In today’s changing times many people experience tensions, conflicts and difficulties in the central relationships to their lives. Do you have a vision of sharing a more intimate and more loving relationship with your partner? Do you know what you need to do to make that vision a reality?

And more than that — you will begin to know a deeper kind of intimacy than you have ever known before.

What areas do we most commonly address?

  • the feeling of drifting apart or being disconnected
  • the desire for more meaningful communication
  • a lack of passion and sexual intimacy
  • issues of trust (e.g. extramarital affairs)
  • persistent arguments and power struggles

Here’s what couples counselling with ‘Forest’. can do for you:

  • You will learn to speak openly and honestly
  • You’ll feel strong in standing for what you believe
  • You will begin to express yourself clearly and confidently
  • You will be able to tolerate your own anxieties in the face of your partner’s reactions.

The initial couples consultation will give each of you a place to speak freely and be heard — by one another as well as by us. Couples leave the session feeling more hopeful and capable of change.

In couple counselling sessions, you will have an opportunity to bring your issues to the table in an atmosphere of openness and non-judgementalism.

Our focus is on each of you as individuals. We help you learn to relate from the best of you, so that you can love each each other deeply as two strong and independent individuals. We will show you how you can change the dynamics of your relationship from one of reacting, to one in which you can respond by holding on to your self.

When’s the right time?

One thing’s for sure: counsellors rarely hear the compliant “It’s too early for our relationship!” More often, what they hear is: “We’ve tried everything – counselling is our last resort.”

Far too many couples leave counselling until it’s too late. By the time of their first appointment, years of bitterness and resentment have built up and the fear of being hurt blocks out any chance of change.

If you’re experiencing any of the following, now is the time to consider counselling:

  • When you talk to your partner, it feels as though you’re hitting a brick wall.
  • Your conversations just go round and round in never-ending circles.
  • After you’ve talked, you feel frustrated and confused.
  • You can’t talk for more than a few minutes without it turning into a shouting match.
  • You’re afraid that if you bring up a certain subject, things will get even worse.
  • There’s nothing left to say.

Ideally, you should go to counselling together: it’s hard to build a team if only half the players are there. Usually if one makes the decision to give counselling a try, the partner will decide to go as well. We may want to improve our relationships, to rekindle the spark that brought us together or be struggling to understand changes in our partners or our own feelings and thoughts.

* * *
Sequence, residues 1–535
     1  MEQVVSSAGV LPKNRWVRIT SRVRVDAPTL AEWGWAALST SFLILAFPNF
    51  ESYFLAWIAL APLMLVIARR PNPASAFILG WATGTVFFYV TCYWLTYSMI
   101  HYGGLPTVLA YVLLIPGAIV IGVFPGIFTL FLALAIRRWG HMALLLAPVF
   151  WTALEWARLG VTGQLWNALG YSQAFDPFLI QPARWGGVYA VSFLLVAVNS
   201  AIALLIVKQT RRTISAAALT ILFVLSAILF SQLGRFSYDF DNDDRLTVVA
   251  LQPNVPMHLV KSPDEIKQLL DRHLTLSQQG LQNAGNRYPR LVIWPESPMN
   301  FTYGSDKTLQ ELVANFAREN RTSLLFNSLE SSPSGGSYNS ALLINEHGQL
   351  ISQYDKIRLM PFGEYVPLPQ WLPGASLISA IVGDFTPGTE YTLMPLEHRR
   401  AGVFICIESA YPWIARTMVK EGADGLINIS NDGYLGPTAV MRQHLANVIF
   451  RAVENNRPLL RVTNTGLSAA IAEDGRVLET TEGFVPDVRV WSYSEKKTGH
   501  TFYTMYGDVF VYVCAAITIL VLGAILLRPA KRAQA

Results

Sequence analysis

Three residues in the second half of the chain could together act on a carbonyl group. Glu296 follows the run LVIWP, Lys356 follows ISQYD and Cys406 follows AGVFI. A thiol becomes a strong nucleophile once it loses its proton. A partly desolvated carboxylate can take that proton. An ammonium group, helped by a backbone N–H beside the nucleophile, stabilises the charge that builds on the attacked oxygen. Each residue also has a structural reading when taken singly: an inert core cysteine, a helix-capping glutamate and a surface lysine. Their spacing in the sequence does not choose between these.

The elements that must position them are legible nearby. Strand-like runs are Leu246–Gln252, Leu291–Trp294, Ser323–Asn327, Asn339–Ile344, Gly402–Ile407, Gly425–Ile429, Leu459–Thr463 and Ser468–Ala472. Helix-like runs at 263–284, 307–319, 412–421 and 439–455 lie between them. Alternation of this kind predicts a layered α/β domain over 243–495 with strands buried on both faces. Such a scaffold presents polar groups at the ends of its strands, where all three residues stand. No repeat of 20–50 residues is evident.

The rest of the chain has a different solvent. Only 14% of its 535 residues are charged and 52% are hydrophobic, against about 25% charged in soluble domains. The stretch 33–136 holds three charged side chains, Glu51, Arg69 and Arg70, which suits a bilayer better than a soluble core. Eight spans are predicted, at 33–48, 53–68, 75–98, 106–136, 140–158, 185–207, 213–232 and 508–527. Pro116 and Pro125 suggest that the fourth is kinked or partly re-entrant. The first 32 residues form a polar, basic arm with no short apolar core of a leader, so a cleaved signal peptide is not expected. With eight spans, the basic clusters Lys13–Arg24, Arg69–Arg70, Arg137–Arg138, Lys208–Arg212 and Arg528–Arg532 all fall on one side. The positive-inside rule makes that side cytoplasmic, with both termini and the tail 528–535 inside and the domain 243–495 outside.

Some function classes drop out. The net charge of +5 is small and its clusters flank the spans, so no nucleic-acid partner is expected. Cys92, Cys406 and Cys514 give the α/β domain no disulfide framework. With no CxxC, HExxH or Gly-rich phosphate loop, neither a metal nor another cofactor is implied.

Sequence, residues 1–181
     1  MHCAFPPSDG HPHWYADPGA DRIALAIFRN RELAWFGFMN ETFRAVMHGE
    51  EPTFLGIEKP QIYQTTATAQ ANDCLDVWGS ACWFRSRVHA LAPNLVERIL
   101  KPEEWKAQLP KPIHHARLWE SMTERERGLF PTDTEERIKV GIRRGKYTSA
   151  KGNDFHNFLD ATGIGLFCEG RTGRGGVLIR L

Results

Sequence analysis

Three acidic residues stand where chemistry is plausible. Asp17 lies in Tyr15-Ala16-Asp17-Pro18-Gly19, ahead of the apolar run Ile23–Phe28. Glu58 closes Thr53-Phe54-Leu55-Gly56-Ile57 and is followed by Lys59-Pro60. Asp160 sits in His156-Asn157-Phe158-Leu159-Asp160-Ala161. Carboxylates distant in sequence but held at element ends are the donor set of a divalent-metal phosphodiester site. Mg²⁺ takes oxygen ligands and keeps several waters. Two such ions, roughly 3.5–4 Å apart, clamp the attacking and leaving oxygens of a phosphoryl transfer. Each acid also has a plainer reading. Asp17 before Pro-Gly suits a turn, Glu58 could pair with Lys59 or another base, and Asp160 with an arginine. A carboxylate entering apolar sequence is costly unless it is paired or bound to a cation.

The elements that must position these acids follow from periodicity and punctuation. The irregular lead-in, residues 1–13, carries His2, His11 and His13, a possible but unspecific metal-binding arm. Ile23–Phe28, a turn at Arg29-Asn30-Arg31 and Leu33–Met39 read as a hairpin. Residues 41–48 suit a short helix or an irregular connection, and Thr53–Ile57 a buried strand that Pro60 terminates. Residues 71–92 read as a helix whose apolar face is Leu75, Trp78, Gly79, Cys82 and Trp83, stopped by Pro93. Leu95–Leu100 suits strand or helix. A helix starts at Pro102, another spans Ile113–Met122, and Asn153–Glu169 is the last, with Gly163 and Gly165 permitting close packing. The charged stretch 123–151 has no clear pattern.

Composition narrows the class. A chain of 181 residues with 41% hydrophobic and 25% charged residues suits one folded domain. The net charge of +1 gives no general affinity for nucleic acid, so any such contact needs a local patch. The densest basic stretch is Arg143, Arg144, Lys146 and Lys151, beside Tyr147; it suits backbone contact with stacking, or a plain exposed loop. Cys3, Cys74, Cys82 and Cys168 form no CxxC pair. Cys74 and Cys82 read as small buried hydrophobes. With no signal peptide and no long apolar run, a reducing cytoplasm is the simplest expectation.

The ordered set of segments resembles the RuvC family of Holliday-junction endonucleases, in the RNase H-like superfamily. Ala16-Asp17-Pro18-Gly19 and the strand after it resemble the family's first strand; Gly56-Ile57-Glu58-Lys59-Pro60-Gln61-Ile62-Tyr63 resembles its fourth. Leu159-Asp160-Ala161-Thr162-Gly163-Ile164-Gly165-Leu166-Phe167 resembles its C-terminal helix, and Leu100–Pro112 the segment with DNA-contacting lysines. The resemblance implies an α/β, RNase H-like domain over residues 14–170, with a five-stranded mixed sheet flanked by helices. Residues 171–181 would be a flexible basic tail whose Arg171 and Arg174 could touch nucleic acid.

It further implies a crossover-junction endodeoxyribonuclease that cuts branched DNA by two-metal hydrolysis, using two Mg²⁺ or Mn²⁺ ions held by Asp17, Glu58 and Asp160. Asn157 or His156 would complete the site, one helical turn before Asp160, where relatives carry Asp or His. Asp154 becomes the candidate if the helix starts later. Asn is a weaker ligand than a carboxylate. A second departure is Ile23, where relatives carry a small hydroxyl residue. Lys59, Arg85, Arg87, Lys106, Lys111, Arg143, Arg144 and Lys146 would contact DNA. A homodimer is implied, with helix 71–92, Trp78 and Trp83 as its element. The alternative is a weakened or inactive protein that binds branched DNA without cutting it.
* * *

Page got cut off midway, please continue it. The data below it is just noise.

Our counsellors are trained to listen without judgment, to help you to make sense of things without taking over. Using conflict resolution techniques, working on issues of sensuality and sexuality, gender, parenting and work roles to develop or recover healthy relationships.

If your partner flatly refuses to join you, there are lots of things counselling can help you sort out on your own. There may be changes you can make alone that will have a positive impact on your relationship. Some people also prefer to have counselling on their own at first to work out their feelings before seeing another counsellor as a couple.

All counsellors have their own styles and ways of working. You can choose to see a counsellor face-to-face or speak via telephone or email.

Whichever approach you choose, broadly speaking all counsellors will help you to work through the following three steps:

  • The nature of the problems and what impact they’re having on you and your relationship. The history of how the problems arose and what changes you’d like to see.
  • Why you’re struggling with these problems and the things that may be preventing you from overcoming them.
  • Finding the strengths and resources to resolve your difficulties, or at least make them more bearable.

How does counselling work?

First and foremost, counselling works by giving you the chance to be heard. Your counsellor will give you all the time you need to talk, sob, shout or just think. It’s an opportunity to look at the problem in a different way with someone who’ll respect and encourage your opinions and your decisions.samaritan-couples-counseling-300x199[1]

For many couples, the solution is right under their noses – it just takes someone objective to see what it is.

It’s hard to measure if counselling is effective, but it’s an industry that’s rapidly growing as more and more people discover the benefits for themselves. If you haven’t considered relationship counselling before, please don’t leave it until it’s too late.

There are three possible outcomes with couple counselling.

  • Some find that changes cannot be made but there is still sufficient positive reasons to stay together.
  • One or other party refuses to change and the only answer is separation.
  • Finally, the couple decide to work together to iron out their differences. This is anticipated for the majority of our couples.

Finding a counsellor

There are a number of places you can go for couples’ counselling; which one you choose may depend on how much you can afford. Always make sure your counsellor is fully qualified.


‘Forest’ provides a counsellor or therapist for those wishing to improve their relationship and for those with marital problems. These include conflicts of opinion, abuse and violence, reduced frequency of intercourse, emotional stress and looming separation.

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